Tax Audit Defense – Get the Best Representation
So you won the tax audit lottery. The big scary IRS is picking over your tax return with a fine toothed comb. You worry, are you going to have to come up with more money for taxes, fines and late fees? Will they send you to a gulag for a subtraction mistake?
Worry less, but get tax defense. A tax audit doesn’t necessarily mean you’ve done something wrong. The IRS computer randomly chooses a percentage of tax returns to audit, and maybe you just got lucky.
If you weren’t chosen by random, why were your chosen for a tax audit? The IRS selects the following types of tax returns for audit:
- Returns with large gross incomes
- Returns with Schedule C attachments
- Returns with a high percentage of deductions claimed in relation to gross business income
- Returns with capital gain transactions
- Returns whose numbers don’t match the other documents—like W2s and 1099s that the IRS has with your name on them.
- Returns missing W-2s
- Returns that involve transactions with other taxpayers—like your partner or an investor— whose returns are being audited
It’s normal to fear the IRS tax audit notice that says you’ve been selected for a tax audit. The funny thing is, by the time you get the notice, you’ve already been audited! It’s true! The IRS audits your return BEFORE you get the notice. They correspond with you about what they found in their audit.
Now you’re pondering your tax audit defense strategy. You could defend yourself. Or better off, you could hire Mike Habib to defend your tax position. We represent and defend taxpayers in all 50 states.
Get a free case evaluation today at 1-877-788-2937.How Can You Defend Yourself?
The best defense is a good offense: reduce your chances of getting audited in the first place by following a few tricks.
- Be honest when you file your taxes, especially when you itemize deductions. Don’t put any number on your return unless you have evidence of that expense or deduction, especially charitable contributions.
- Always save documentation for every aspect of your financials, all the time. Paperwork is your best friend in your tax audit defense. Keep records of all income and expenses organized all year so they are readily accessible when you figure your taxes. Then keep all that paperwork together with your return for at least three years, but better still, for seven years.
Internal Revenue Code §6001 grants the IRS the authority to require any person to produce all applicable records to show whether or not there is additional tax liability. They have the right to inspect all of these records. You have to submit them.
So gather up anything that provides evidence to defend your tax claim.
- Print out all your bank statements for the year, even if you bank online.
- Print proof of payment for alimony and child support, taxes and charitable gifts.
- Download and keep proof of payment for the purchase or repair of your home. Hang on to your home mortgage loan documents, and those for second homes, forever, or at least until you sell your property.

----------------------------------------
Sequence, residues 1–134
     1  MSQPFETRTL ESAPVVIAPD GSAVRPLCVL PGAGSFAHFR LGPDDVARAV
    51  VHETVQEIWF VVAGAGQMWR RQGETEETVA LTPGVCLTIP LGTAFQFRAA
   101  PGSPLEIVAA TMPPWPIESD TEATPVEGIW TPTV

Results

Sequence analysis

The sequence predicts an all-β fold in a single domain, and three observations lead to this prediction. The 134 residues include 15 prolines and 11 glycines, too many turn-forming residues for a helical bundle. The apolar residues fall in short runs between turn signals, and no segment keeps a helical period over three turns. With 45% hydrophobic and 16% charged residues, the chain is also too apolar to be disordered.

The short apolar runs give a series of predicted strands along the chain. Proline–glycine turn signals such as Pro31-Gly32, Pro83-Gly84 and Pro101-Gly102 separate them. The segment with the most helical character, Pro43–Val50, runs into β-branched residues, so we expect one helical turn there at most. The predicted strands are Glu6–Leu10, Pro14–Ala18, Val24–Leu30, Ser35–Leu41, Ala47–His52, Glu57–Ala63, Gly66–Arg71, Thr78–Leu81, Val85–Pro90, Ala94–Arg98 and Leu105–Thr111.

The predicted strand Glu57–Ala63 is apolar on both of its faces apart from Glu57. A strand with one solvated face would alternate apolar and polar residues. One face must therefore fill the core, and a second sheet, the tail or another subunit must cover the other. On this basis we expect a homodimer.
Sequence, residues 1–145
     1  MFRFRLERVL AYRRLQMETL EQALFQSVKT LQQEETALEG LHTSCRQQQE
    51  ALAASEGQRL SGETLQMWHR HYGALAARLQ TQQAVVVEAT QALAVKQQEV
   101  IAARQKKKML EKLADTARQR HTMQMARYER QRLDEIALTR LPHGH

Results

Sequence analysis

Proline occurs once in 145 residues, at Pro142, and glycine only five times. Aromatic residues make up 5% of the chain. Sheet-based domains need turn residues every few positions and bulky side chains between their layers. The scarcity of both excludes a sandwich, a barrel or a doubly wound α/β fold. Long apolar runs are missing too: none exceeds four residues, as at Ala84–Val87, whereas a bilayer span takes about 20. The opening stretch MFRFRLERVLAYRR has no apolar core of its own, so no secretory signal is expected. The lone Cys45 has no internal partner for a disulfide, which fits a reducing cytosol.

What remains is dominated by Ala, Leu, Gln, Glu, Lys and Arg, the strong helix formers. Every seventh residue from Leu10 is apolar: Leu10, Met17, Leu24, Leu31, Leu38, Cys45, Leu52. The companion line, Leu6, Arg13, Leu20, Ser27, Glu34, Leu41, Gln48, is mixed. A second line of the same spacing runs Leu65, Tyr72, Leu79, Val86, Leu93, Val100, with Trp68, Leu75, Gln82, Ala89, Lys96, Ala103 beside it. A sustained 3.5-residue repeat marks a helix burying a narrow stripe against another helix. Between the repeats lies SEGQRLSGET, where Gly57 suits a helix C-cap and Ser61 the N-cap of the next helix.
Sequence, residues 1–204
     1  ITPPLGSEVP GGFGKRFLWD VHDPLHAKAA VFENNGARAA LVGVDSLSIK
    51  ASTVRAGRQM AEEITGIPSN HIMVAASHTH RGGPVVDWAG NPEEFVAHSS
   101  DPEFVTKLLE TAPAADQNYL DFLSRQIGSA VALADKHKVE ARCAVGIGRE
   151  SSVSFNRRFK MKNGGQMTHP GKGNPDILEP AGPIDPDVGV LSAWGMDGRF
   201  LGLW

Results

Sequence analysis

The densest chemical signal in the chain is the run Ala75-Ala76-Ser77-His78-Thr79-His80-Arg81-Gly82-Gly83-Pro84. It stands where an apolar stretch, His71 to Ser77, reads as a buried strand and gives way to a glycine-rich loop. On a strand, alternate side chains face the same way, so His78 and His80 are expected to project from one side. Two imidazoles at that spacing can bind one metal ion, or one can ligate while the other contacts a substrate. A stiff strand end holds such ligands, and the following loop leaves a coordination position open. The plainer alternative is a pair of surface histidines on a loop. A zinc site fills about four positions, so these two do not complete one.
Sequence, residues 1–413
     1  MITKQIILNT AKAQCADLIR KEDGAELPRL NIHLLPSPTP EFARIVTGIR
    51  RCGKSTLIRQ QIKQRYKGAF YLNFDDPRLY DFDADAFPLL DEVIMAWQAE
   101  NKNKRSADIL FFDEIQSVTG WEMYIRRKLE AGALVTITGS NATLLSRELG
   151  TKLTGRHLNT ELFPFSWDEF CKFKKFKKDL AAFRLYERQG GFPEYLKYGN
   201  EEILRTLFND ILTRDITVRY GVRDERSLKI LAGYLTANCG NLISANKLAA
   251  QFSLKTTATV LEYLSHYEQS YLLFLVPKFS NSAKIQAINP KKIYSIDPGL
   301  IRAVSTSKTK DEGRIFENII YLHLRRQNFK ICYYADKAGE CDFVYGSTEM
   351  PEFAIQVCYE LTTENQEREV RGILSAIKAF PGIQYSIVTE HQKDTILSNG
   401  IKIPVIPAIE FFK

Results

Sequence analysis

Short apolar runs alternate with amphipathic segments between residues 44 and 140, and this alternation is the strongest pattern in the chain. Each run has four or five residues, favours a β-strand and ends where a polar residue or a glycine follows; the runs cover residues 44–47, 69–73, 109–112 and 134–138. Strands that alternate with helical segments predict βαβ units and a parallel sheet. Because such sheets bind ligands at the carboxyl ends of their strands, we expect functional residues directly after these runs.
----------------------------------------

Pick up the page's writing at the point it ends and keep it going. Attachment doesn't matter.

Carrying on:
- Your year-end credit card statement is a good thing to download if you made tax-deductible purchases on it. You don’t have to print out every single month’s statement.
- Keep proof of non-deductible contributions to your individual retirement account (IRA).
- Store your business loan documents for seven years, even if the loans are paid off.
- Same goes for documents belonging to any personal loans: keep them seven years.
- Car loans: just file the documentation away in case a tax audit ever rears its ugly head and you need it.
- Save documents regarding your stock and bond purchases and sales.
- Make a file folder for your retirement account, and keep evidence of contributions and withdrawals for seven years.
The tax code doesn’t require small businesses to keep formal books: a checkbook is acceptable for tax defense. But if you have ledgers and journals, turn them over. Hiding records from the auditor will result in the auditor estimating your income and expenses, possibly to your financial detriment. Then they will impose a penalty for failure to keep records.
If your tax audit notice asks you to send in some of the above paperwork to substantiate your position, three suggestions:
- Only send copies—never originals— of your evidence.
- Make sure your evidence is for the correct tax year, the one the IRS is auditing.
- Don’t send anything that was part of your original audit. Just the new stuff.
The IRS states you that during a tax audit, you have the right to:
- Professional and courteous treatment by IRS employees
- Privacy and confidentiality about your tax matters
- Knowledge about why the IRS is asking for information, how the IRS will use it and what will happen if you do not provide the requested information
- Representation by an authorized representative power of attorney
- Appeal disagreements, both within the IRS and before the tax court
It costs nothing to appeal your audit yourself, the process can also give you time to raise the money you owe. And an appeal may save you money as well. That’s the good news. The bad news is that the appeals officer may turn up a tidbit the first auditor missed, and you may owe more money for that.Get Help for Tax Defense
Good tax defense does not cost you per se, it pays you! Your tax audit defense is probably going to cost you fees for proper representation, but it’s like an investment with returns of peace of mind, timely and proper resolution. Paying a professional could save you a lot of money in taxes and penalties. An enrolled agent, a certified public accountant (CPA) or a tax attorney can spend their time on the hot seat with the IRS while you loll around in the Jacuzzi instead of being grilled with questions at a federal building.
Get a free case evaluation today at 1-877-788-2937.